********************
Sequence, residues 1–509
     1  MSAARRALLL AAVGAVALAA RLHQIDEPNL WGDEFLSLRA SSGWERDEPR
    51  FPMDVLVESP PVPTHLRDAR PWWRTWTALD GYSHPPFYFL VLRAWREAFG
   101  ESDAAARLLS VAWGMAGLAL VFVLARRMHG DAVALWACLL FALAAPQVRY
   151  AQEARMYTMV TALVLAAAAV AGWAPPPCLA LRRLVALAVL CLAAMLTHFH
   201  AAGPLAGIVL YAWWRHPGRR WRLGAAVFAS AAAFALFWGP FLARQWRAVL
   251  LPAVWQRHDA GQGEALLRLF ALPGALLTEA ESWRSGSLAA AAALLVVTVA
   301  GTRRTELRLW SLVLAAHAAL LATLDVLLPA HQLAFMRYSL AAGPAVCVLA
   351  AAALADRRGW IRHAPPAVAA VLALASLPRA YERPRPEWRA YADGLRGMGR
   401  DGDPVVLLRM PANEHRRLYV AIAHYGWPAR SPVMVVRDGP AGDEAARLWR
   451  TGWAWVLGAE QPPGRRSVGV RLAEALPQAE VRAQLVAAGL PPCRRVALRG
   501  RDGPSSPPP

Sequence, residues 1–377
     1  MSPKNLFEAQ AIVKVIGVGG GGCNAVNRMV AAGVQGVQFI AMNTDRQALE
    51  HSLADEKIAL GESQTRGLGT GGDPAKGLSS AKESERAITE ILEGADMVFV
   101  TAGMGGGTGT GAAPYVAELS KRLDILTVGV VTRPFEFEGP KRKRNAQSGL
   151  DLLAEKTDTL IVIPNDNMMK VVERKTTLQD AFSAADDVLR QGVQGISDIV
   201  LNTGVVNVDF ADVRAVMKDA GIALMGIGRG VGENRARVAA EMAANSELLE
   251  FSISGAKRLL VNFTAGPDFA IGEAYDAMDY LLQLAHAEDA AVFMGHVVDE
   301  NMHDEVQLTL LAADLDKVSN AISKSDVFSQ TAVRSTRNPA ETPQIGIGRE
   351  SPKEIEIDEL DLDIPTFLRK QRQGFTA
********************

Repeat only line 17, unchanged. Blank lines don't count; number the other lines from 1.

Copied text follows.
   151  DLLAEKTDTL IVIPNDNMMK VVERKTTLQD AFSAADDVLR QGVQGISDIV